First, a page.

Italian Steamer Sunk
Vienna (via London): An
official statement says: "One of
our submarines on the morning
of the 5th sank a small Italian
cruiser with two funnels off
Valona (Avlona) Albania."
Captured Army Staff
Petrograd: The entire staff ol
the 82nd German army division
was captured by Russian scouts in
a daring night raid, and were
brought into the Russian lines.
correspondent, who regards the
situation as grave. The correspondent says a series of fierce
assaults by day and night have
been directed against the Allies'
right wing from Demikapu to
These attacks have so far been
successfully beaten off, but the
enemy is being continually re-in-
forced and apparently intends to
renew the attacks with the object
of gaining Strumnitza station,
toward which the German cavalry has been making reconnaissances.
An attractive line of Christmas
Stationery��� at Sargent's.
Very many useful and appropriate Xmas gifts���at Sargent's.
May Attack on West
London: A despatch to the
Daily Mail from Rotterdam says:
"Newspapers from south and
west Germany,  which had been
the demands of the Allies will be
refused, and many advocate a
rigid blockade of Greek ports, as
an aid to the popular discontent
with Constantine's policy. A continued blockade would mean starvation and financial ruin for
Russians Take Prisoners
Geneva: The Russian legation
at Berne today issued the following statement: "In the month of
October the German official communications greatly exaggerated
the number of Russians made
"October was an especially
successful month for the Russians, who captured 674 German
officers, 49,200 Austro-German
soldiers, 21 large cannon, 1,118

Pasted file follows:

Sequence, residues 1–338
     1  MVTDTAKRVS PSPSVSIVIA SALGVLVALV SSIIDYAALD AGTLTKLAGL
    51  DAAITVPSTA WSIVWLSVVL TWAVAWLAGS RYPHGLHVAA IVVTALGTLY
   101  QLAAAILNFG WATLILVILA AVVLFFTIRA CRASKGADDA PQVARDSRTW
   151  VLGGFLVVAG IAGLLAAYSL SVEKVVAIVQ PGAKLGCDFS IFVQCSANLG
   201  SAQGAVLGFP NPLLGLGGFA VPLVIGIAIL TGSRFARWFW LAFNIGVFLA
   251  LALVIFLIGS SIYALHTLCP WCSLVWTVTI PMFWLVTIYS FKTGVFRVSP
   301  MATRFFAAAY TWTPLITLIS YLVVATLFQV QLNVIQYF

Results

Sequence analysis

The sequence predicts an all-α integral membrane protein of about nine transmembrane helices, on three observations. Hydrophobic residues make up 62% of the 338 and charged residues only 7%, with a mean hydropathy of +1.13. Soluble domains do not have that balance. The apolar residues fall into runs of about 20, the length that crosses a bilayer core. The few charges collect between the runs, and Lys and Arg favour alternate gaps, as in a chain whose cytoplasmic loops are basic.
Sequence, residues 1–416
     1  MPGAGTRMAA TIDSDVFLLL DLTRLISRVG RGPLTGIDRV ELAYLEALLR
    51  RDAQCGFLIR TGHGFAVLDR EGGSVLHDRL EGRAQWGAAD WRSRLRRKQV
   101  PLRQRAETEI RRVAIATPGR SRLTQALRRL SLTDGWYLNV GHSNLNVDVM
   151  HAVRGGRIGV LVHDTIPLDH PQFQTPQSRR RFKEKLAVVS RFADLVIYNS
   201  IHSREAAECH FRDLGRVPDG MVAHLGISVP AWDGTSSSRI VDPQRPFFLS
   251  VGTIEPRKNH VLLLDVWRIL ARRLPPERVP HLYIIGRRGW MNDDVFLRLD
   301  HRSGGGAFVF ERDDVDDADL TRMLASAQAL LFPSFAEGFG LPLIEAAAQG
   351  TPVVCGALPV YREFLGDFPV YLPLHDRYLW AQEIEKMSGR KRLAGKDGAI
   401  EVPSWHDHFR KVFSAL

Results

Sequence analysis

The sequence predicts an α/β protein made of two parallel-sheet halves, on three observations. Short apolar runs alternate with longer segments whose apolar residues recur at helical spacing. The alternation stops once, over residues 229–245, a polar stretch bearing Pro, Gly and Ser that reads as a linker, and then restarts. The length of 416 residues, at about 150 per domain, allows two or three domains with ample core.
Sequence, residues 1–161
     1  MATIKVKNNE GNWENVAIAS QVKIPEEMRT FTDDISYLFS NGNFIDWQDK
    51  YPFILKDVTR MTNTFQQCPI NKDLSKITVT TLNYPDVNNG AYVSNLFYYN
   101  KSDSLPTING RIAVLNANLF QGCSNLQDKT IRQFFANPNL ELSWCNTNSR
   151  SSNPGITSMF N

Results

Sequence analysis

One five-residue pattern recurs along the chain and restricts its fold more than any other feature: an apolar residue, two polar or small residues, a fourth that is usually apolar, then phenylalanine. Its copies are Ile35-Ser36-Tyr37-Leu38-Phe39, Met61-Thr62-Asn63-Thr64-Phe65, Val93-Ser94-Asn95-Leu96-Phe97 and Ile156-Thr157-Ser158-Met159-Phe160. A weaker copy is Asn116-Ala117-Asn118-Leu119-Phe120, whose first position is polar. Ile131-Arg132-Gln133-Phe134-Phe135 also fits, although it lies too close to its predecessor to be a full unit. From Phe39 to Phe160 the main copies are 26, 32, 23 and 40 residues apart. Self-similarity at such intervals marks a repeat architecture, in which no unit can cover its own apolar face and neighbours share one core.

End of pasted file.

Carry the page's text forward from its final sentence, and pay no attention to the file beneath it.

machine guns and three searchlights."
Air Raid on Don
London: The following official
communication was issued today:
"On the 2nd, an air raid was
carried out against Don station
and buildings in its vicinity. An
ammunition depot is believed to
have been blown up and the
railway was hit near the station
Some fires were observed in Don
after the raid. All the machines
returned safely, although several
hostile machines were engaged."
War Notes
In Mesopotamia, is is reported,
the Germans are preparing for
large operations under Von der
Goltz, who expects to reach the
Persian Gulf this winter.
A Bulgarian regiment, ordered
to Gallipoli to aid the Turks, refused to obey. Three hundred
were shot by their officers.
A British submarine, operating
in the Sea of Marmora, on Dec.
2,3 and 4,sunk a Turkish 28-knot
destroyer, a 3000 - ton supply
steamer and four sailing transports, besides bombarding military trains on the railroad.
had suffered heavily in a recent
engagement was given out this
morning by Sir Sam Hughes,
minister of militia.
Rome: Favored by a heavy
mist, the enemy attempted to
break the Italian.lines, at various
points, but was repulsed everywhere.
Paris: An Austrian warship
was destroyed by a French submarine, the officers being captured.
Heavy Fighting in Servia
London: With the Servian ar-